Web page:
Doug Lederman

Doug Lederman, Editor, is one of the three founders of Inside Higher Ed. With Scott Jaschik, he leads the site's editorial operations, overseeing news content, opinion pieces, career advice, blogs and other features. Doug speaks widely about higher education, including on C-Span and National Public Radio and at meetings around the country, and his work has appeared in The New York Times and USA Today, among other publications. Doug was managing editor of The Chronicle of Higher Education from 1999 to 2003. Before that, Doug had worked at The Chronicle since 1986 in a variety of roles, first as an athletics reporter and editor. He has won three National Awards for Education Reporting from the Education Writers Association, including one in 2009 for a series of Inside Higher Ed articles he co-wrote on college rankings. He began his career as a news clerk at The New York Times. He grew up in Shaker Heights, Ohio, and graduated in 1984 from Princeton University. Doug lives with his family in Bethesda, Md.

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Most Recent Articles

July 7, 2009
The number of colleges participating in the new Post-9/11 GI Bill’s Yellow Ribbon Program continues to climb. The program allows colleges to enter into matching agreements with the U.S. Department of Veteran Affairs to cover charges over and above those provided for under the base GI Bill benefit.
July 7, 2009
New research from the University of Michigan finds that college students with depression are twice as likely as their classmates to drop out. The research also indicates that lower grade-point averages depended on a student’s type of depression. There are two core symptoms of depression — loss of interest and pleasure in activities, or depressed mood — but only loss of interest is associated with lower grade-point averages.
July 7, 2009
Franklin College, in Indiana, filed a complaint in federal court Monday seeking to stop Franklin University -- an Ohio institution that has opened a campus in Indiana -- from using the Franklin name in ways that the college considers confusing and an infringement on its trademark. Franklin College's president James Moseley issued a statement in which he said that many people who have seen the university's "advertising blitz" have been confused about whether the college was changing its mission.
July 7, 2009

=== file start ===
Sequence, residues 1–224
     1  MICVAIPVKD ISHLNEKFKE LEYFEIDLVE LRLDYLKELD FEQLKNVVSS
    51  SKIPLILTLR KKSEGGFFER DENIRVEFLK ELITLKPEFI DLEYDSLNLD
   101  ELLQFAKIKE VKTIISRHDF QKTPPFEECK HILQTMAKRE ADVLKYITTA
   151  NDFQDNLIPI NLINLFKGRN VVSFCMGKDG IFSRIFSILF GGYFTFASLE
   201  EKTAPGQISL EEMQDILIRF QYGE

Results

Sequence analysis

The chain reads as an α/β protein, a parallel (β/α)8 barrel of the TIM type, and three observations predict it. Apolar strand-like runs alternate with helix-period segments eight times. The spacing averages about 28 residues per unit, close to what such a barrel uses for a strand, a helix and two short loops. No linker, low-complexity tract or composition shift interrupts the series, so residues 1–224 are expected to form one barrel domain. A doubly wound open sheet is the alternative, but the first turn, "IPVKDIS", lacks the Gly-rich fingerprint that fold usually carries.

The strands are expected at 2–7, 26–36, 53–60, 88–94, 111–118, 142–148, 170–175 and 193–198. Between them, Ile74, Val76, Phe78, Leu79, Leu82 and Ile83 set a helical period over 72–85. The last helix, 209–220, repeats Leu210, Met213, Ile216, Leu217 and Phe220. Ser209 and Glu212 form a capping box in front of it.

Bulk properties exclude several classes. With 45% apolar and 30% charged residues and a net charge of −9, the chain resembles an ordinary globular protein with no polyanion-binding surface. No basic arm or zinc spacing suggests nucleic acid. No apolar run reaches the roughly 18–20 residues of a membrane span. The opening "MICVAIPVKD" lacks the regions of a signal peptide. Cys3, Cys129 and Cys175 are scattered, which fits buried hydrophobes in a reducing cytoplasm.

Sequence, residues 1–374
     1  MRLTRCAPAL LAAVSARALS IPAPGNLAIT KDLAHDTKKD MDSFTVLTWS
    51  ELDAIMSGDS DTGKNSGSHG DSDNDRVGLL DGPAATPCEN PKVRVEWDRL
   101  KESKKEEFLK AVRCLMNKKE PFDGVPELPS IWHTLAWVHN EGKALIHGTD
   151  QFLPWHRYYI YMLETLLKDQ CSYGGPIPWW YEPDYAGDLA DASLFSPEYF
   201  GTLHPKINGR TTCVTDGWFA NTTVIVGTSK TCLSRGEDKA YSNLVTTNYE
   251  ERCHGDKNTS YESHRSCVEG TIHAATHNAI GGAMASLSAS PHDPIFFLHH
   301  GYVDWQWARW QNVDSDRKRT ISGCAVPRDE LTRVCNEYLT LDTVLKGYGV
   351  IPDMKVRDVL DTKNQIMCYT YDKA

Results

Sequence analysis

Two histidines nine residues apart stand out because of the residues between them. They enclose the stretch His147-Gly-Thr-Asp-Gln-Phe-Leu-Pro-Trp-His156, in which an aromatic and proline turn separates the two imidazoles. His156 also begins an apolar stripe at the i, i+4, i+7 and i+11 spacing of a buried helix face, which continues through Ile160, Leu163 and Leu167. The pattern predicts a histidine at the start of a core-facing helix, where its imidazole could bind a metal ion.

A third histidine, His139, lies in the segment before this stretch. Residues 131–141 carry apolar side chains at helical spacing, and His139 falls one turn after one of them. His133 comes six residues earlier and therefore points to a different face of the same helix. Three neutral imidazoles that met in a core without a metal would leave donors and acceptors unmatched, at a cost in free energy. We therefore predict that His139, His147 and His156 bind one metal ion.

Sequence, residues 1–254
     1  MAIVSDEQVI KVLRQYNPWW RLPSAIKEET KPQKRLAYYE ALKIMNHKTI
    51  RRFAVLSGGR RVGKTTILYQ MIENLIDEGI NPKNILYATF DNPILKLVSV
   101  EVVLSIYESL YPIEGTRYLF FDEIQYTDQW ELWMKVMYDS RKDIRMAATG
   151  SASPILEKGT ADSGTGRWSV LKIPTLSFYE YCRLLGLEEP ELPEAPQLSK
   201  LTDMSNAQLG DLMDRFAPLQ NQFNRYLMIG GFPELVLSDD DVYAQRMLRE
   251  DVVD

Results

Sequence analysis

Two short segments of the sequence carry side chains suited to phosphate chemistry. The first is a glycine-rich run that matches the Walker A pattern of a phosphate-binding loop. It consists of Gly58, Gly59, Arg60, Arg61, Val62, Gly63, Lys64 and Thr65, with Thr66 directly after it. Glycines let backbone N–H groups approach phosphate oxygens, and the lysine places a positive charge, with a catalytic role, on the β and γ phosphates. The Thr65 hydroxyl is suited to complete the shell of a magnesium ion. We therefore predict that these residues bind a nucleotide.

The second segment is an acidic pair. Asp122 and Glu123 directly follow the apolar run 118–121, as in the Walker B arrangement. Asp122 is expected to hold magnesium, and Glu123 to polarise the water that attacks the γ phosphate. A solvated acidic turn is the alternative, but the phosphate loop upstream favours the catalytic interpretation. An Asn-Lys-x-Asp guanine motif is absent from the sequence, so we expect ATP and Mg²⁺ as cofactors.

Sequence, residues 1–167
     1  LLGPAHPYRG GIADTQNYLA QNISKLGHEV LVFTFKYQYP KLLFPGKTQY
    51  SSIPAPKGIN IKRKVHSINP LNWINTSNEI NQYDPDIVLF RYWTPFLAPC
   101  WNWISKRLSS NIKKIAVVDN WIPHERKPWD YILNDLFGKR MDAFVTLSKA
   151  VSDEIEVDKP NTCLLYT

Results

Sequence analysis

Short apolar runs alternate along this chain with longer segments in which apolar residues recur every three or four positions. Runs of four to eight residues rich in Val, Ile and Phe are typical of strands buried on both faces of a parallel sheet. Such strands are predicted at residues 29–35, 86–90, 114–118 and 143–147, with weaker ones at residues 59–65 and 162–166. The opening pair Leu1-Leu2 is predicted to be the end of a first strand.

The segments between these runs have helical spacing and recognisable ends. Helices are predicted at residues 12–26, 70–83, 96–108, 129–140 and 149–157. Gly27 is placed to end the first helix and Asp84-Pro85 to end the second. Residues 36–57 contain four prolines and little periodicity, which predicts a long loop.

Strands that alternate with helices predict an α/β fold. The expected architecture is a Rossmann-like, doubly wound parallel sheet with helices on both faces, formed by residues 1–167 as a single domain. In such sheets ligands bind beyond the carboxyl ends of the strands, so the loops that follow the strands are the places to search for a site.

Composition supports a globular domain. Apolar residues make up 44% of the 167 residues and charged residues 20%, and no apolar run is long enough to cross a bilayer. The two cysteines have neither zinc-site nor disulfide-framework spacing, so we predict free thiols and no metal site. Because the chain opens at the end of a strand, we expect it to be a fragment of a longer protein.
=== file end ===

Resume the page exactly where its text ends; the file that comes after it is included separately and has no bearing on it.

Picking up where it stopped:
Education Department office for resolving disputes is staffed by company that also does loan collections for the agency, a potential conflict that troubles student borrowers.
July 6, 2009
In theory, move to digital textbooks will help the visually impaired. But advocates say college experiments violate law because digital readers aren't accessible to the blind.
July 6, 2009
The ever-growing University of Illinois admissions scandal has now reached athletics. Many big-time athletics programs face controversy over their requests that admissions officers let in athletes with less than stellar academic credentials.
July 6, 2009
Mark Drummond, chancellor of the Los Angeles Community College District, took an unexpected leave last month and on Thursday announced that he was resigning, effective July 31. Drummond is midway through a four-year contract and no reason was given for his sudden departure. Drummond was chancellor of the district from 1999 to 2004 and then left to become chancellor of the state's community college district. He returned in 2007, saying that he really wanted to return to the Los Angeles job.
July 6, 2009
An English professor who has served on the admissions committee of the U.S. Naval Academy has set off a debate at Annapolis and in military circles with an article suggesting that standards have been lowered to admit more black and Latino students, The Washington Post reported.
July 6, 2009
An analysis of student loan guaranty agencies' budgets by the New America Foundation has found that 60.5 percent, or $948.8 million, of the federal payments agencies received in the 2008 fiscal year were for the collection and rehabilitation of defaulted student loans. In contrast, they received only $177.3 million for helping to prevent defaults.
July 6, 2009
The U.S. Department of Agriculture has agreed to release more information in the reports that colleges and other organizations that conduct research must file with the agency. The agreement settles a lawsuit by the Humane Society of the United States, which sued the department, saying that it wasn't making the reports public as it should have.

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